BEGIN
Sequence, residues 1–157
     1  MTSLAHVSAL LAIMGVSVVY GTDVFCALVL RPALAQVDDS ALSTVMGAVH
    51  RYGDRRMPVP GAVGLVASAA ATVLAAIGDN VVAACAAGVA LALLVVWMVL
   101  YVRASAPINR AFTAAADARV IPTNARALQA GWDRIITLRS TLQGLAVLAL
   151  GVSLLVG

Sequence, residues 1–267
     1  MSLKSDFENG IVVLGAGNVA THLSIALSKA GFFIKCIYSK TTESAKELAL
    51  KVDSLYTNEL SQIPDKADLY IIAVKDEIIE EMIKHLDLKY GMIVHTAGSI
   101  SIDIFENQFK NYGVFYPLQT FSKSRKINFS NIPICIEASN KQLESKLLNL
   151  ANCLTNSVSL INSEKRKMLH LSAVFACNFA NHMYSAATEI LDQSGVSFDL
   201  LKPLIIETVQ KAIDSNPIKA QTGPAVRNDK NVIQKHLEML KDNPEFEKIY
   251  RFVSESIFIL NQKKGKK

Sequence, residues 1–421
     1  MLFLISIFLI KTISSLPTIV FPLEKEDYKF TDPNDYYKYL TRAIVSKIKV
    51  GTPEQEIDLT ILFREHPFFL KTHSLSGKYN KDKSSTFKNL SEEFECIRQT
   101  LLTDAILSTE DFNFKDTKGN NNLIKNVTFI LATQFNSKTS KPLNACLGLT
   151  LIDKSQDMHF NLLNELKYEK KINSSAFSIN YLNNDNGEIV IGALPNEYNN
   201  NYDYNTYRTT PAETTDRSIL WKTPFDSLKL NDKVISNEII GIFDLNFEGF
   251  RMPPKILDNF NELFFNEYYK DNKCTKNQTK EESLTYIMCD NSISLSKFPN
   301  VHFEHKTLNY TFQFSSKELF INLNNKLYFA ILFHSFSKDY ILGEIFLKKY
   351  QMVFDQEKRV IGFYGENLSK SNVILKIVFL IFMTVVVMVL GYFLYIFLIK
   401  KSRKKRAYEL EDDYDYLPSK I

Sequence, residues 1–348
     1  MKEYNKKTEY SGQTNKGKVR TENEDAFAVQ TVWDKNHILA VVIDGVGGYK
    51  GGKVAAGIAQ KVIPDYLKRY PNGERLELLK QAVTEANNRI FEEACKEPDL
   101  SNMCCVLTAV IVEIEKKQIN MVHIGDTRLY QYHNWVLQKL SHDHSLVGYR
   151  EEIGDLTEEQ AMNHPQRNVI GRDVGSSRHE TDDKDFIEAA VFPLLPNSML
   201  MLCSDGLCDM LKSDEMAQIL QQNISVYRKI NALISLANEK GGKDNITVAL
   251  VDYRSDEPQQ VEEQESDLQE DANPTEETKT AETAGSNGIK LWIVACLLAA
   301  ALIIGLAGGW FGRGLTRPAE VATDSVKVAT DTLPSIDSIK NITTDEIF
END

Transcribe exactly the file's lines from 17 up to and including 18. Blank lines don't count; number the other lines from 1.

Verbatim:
   151  LIDKSQDMHF NLLNELKYEK KINSSAFSIN YLNNDNGEIV IGALPNEYNN
   201  NYDYNTYRTT PAETTDRSIL WKTPFDSLKL NDKVISNEII GIFDLNFEGF